If you are currently aging-in-place or are considering doing so, or if one or more of your elder family members are doing so, care giving is likely to be a subject of interest.
Many families begin by trying to take care of themselves or their loved-ones who, at the start, might need only a small amount of support or care. As you might imagine, the level of care required tends to increase over time. It is then that care giving can become an emotional roller coaster for all parties.
If you (or a family member) are helping to provide care to someone you love who is aging in place, it’s important to be mindful of your own needs as well, and here are some ideas about how caregivers can also take proper care of themselves.
Ask for and accept help, you may not be able to do it alone. As the saying goes, “it can take a village.” There are many resources available. Don’t wait until you are exhausted and overwhelmed.
Information is power. Be proactive, see an elder law attorney, review and discuss finances with a financial advisor; research benefits such as Veteran’s benefits and explore options such as daycare and home assistance.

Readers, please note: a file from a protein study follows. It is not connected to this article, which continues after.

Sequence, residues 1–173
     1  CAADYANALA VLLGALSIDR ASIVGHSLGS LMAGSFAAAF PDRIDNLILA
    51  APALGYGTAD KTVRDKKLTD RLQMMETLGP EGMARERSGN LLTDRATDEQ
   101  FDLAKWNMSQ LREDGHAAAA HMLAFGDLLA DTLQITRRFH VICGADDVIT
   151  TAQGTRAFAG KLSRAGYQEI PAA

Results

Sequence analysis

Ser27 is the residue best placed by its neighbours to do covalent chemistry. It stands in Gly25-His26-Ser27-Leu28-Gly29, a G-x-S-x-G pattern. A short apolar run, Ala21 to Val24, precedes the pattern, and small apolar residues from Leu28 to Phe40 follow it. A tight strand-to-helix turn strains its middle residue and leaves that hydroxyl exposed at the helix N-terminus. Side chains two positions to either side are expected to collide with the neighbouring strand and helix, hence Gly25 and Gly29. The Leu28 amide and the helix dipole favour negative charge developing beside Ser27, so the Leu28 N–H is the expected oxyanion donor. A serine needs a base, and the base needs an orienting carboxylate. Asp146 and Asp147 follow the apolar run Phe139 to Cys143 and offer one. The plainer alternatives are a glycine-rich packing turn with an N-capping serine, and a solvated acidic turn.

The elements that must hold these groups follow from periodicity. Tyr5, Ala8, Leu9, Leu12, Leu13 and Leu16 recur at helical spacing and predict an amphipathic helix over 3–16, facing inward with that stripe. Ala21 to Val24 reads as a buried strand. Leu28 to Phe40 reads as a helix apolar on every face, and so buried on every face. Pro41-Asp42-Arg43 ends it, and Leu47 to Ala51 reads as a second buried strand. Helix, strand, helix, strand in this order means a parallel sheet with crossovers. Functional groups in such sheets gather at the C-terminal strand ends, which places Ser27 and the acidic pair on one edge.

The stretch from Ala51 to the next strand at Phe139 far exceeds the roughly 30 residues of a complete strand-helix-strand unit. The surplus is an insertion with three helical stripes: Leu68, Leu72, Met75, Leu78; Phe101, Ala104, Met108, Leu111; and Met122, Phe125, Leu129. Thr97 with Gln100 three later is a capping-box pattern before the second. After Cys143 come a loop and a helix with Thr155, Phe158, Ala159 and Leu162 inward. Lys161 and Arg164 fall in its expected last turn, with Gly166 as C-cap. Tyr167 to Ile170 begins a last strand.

If you find yourself feeling overwhelmed or feeling poorly, “put your oxygen mask on first.”
Join a support group.
Try to keep informed about your loved one’s medical needs; this may involve talking to their physician, possibly by joining them on visits.
Tell your own physician that you are involved in care giving, and talk about your needs.
Manage your stress, exercise, get respite and take time for you.
To our Bethany Health Care Center family & friends: Because our focus is always on the health, safety and well-being of our residents, due to the nationwide coronavirus (COVID-19) outbreak we are restricting outside visitors until further notice. Thank you for your cooperation.